# Undirected Graphical Model Structure

(Redirected from Markov random field)
Jump to: navigation, search

An Undirected Graphical Model Structure is a graphical probability model instance that is an undirected graph (and with a potential function).

## References

### 2015

• http://en.wikipedia.org/wiki/Random_element#Random_field
• … Several kinds of random fields exist, among them the Markov random field (MRF), Gibbs random field (GRF), conditional random field (CRF), and Gaussian random field. An MRF exhibits the Markovian property : $P(X_i=x_i|X_j=x_j, i\neq j) =P(X_i=x_i|\partial_i), \,$ where $\partial_i$ is a set of neighbours of the random variable Xi. In other words, the probability that a random variable assumes a value depends on the other random variables only through the ones that are its immediate neighbours. The probability of a random variable in an MRF is given by : $P(X_i=x_i|\partial_i) = \frac{P(\omega)}{\sum_{\omega'}P(\omega')},$ where Ω' is the same realization of Ω, except for random variable Xi. It is difficult to calculate with this equation, without recourse to the relation between MRFs and GRFs proposed by Julian Besag in 1974.

### 2006

• (Awate, 2006) ⇒ Suyash P. Awate. (2006). “Adaptive Nonparametric Markov Models and Information-Theoretic Methods for Image Restoration and Segmentation." PhD Dissertation.
• Markov random fields (MRFs) are stochastic models that characterize the local spatial interactions in data. The last 40 years have seen significant advances in the mathematical analysis of MRFs as well as numerous application areas for MRFs ranging from physics, pattern recognition, machine learning, artificial intelligence, image processing, and computer vision. This has firmly established MRFs as powerful statistical tools for data analysis. This dissertation proposes an adaptive MRF image model and builds processes images relying on this model. This section gives a brief review of theory behind MRFs and some relevant MRF-based algorithms.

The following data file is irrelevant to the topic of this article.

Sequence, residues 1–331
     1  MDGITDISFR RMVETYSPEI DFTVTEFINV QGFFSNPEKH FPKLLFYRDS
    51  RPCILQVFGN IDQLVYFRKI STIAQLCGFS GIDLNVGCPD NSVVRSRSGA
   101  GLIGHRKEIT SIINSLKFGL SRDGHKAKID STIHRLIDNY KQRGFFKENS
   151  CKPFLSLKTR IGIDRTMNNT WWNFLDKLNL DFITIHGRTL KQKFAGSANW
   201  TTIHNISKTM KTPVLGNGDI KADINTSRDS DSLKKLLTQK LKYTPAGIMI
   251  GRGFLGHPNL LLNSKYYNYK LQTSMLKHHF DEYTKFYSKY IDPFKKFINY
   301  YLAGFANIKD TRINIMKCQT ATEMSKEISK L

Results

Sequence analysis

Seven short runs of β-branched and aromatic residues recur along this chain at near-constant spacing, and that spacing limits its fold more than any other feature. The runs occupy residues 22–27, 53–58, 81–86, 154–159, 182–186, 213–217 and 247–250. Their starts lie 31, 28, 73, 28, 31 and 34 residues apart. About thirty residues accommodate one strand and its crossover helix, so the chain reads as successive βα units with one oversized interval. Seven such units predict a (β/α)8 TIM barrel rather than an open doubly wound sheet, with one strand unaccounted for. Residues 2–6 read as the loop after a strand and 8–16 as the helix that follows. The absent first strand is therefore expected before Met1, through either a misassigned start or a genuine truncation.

The first concept of the MRF theory came from the physicist Ernst Ising in the 1920s. Ising was trying to devise a mathematical model to explain the experimental results concerning properties of ferromagnetic materials. This dealt with local interactions between a collection of dipoles associated with such materials. He published the model in his doctoral thesis, which later became popular as the Ising model. The name Markov, however, is dedicated in the memory of the mathematician Andrei Markov who pioneered the work on Markov chains, i.e., ordered sequences of RVs where the conditional PDF of an RV given all previous RVs is exactly the same as the conditional PDF of the RV given only its pr{e}ceeding RV. In other words, the next RV, given the present RV, is conditionally independent of all other previous RVs. This notion of conditional independence concerning chains of RVs generalizes to grids of RVs or random fields. Such random fields are called MRFs.

A random field [47,161] is a family of RVs $\bf{X} = \lbrace {X_t} \rbrace_{t \in \mathcal{T} }$, for some index set $\mathcal{T}$. For each index $t$, the RV $X_t$ is defined on some sample-space $\Omega$. If we let $\mathcal{T}$ be a set of points defined on a discrete Cartesian grid and fix $\Omega = \omega$, we have a realization or an instance of the random field, ${\bf X} (\omega) = {\bf x}$, called the digital image. In this case, $\mathcal{T}$ is the set of grid points in the image. For vector-valued images $X_t$ becomes a vector RV.

### 1995

• (Li, 1995) ⇒ Stan Z. Li. (1995). “Markov Random Field Modeling in Computer Vision.” Springer-Verlag. ISBN:4431701451